By Steve Collins, Metro Ottawa
The Lansdowne Park redevelopment deal goes to yet another vote at city hall this week. The slog toward a final agreement with the Ottawa Sports Entertainment Group continues even as the ground continues to shift beneath the advancing bulldozers.
Little surprises have abounded as the Lansdowne saga has progressed. Last week we learned the city will have to cough up an extra $12 million over and above the more than $200 million already pledged to the partnership. And we learned the FIFA Under-20 Women's World Cup will not be taking place there in 2014 after all.
Neither of these developments will be a dealbreaker. Our famously frugal mayor is just going to whip out the civic credit card once again to borrow the $12 mil, and we're still on track to host the Women's World Cup in 2015, so the $400,000 we threw at the bid to land the two soccer events won't be a total waste.
Mayor Watson blamed the loss of the event in part on delays from legal challenges by Friends of Lansdowne, the main citizen's group opposed to the plan, and the Lansdowne Park Conservancy, which had a competing vision for the site and never got a serious hearing from the city.
It's probably safe to assume that the Lansdowne plan would have faced a certain degree of resistance from the same NIMBY-prone crowd who in previous decades bought houses near the stadium and then complained about noise and traffic during games and concerts.
But the city's decision to cancel the competitive bidding process and sole-source the deal to OSEG handed critics an unnecessarily generous stockpile of ammunition. Lesson learned, let us hope.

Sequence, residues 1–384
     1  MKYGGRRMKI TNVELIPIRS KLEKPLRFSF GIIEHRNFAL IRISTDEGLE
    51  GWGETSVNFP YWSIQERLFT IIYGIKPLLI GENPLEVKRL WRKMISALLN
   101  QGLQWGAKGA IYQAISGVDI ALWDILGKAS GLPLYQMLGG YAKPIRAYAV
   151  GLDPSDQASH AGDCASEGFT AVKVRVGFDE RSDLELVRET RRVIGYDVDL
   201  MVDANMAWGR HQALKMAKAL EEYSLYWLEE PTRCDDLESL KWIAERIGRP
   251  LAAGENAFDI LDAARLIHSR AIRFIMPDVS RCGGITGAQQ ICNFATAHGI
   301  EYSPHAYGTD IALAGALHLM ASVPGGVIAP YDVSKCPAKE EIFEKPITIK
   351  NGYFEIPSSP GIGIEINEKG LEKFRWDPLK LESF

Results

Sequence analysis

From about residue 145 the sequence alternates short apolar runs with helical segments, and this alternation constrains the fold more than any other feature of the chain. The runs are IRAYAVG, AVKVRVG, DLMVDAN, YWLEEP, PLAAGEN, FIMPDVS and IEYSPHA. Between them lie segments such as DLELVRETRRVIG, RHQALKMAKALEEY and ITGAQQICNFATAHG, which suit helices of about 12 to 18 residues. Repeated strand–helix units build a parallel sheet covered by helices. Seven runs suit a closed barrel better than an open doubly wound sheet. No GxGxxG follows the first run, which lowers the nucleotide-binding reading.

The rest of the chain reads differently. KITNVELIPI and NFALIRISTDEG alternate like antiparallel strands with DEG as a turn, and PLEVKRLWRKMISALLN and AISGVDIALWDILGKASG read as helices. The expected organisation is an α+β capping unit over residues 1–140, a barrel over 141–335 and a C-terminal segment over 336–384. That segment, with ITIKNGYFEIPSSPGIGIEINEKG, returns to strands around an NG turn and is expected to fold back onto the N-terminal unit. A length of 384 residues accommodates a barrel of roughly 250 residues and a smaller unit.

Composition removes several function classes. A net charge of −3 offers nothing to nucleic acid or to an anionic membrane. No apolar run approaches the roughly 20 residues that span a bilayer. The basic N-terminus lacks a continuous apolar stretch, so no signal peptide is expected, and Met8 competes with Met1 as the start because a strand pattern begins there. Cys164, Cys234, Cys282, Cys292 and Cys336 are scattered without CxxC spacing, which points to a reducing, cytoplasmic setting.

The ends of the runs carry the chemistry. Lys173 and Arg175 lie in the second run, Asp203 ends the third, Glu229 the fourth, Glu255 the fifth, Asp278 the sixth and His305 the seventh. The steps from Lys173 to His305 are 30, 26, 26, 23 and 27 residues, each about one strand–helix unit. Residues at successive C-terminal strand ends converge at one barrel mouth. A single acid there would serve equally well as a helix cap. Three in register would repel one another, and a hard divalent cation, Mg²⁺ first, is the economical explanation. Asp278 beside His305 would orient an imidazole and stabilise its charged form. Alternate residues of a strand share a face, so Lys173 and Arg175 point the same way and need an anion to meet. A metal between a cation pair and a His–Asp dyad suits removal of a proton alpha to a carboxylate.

Perhaps the biggest surprise in the latest staff report on the Lansdowne Partnership Plan is a huge jump in the claimed value of naming rights — that is, what a corporation will pay to put its logo on the new complex for 30 years — from $15.8 million to a breathtaking $50.2 million.
I leave the reliability of these predictions in such gloomy economic times to better minds than mine, but the discrepancy between the two estimates doesn't exactly inspire confidence in Lansdowne math generally.
For comparison's sake, in Toronto, the Air Canada Centre's corporate christening was priced at $30 million over 20 years, and Rogers Communications paid $25 million to put their name on the Rogers Arena for 10 years, so the new figure may not be entirely off base, but it seems optimistic.
Certainly out of the question is leaving the cash from naming rights, no matter what the final amount, on the table. Here in the home of JetForm Park and the Corel Centre, we understand that corporate branding, no matter how transient, heritage-obscuring or confusing to visiting tourists when the names inevitably change, has become a standard strategy for covering the costs of these venues.
Still there are risks, from ending up with an incongruous or simply goofy name on your arena (Louisville's KFC Yum! Centre comes to mind) to the civic equivalent of getting stuck with a tattoo bearing your ex-girlfriend's name long after the magic is gone (Enron Field, anyone?).
The original naming rights for Lansdowne went to Sir Henry Charles Keith Petty-Fitzmaurice, the Fifth Marquess of Lansdowne, Sixth Earl of Kerry, and Canada's governor general from 1883-1888. With such an unwieldy pile of honorifics to work with, we did well to end up with plain old Lansdowne Park.
As for the smaller corporate logos that are to dot the 360,000 square feet of retail space at Lansdowne, few names, apart from Whole Foods, the LCBO and Empire Theatres, are on offer.
The proponents claim other deals have been made, but it's curious that a few tenants can't be brought forward to admit their involvement, and maybe even express some excitement.
Names are serious business. The retail area, for example, isn't being called anything as gauche as a "mall." Instead, it's a "retail village."